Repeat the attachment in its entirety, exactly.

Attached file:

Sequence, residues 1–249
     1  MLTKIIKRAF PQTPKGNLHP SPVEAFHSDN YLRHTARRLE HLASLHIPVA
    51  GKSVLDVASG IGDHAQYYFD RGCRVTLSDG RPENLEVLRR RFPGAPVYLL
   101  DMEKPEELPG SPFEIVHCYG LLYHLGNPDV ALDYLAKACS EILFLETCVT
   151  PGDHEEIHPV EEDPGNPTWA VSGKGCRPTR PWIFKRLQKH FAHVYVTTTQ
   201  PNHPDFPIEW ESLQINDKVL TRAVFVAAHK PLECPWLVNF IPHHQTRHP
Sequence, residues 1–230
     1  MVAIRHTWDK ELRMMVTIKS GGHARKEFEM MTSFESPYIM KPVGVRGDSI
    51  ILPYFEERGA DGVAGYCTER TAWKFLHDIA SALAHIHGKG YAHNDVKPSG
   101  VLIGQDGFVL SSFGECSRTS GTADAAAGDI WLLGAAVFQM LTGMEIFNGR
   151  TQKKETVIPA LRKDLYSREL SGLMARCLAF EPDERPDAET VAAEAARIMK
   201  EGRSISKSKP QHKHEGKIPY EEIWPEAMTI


Sequence, residues 1–249
     1  MLTKIIKRAF PQTPKGNLHP SPVEAFHSDN YLRHTARRLE HLASLHIPVA
    51  GKSVLDVASG IGDHAQYYFD RGCRVTLSDG RPENLEVLRR RFPGAPVYLL
   101  DMEKPEELPG SPFEIVHCYG LLYHLGNPDV ALDYLAKACS EILFLETCVT
   151  PGDHEEIHPV EEDPGNPTWA VSGKGCRPTR PWIFKRLQKH FAHVYVTTTQ
   201  PNHPDFPIEW ESLQINDKVL TRAVFVAAHK PLECPWLVNF IPHHQTRHP
Sequence, residues 1–230
     1  MVAIRHTWDK ELRMMVTIKS GGHARKEFEM MTSFESPYIM KPVGVRGDSI
    51  ILPYFEERGA DGVAGYCTER TAWKFLHDIA SALAHIHGKG YAHNDVKPSG
   101  VLIGQDGFVL SSFGECSRTS GTADAAAGDI WLLGAAVFQM LTGMEIFNGR
   151  TQKKETVIPA LRKDLYSREL SGLMARCLAF EPDERPDAET VAAEAARIMK
   201  EGRSISKSKP QHKHEGKIPY EEIWPEAMTI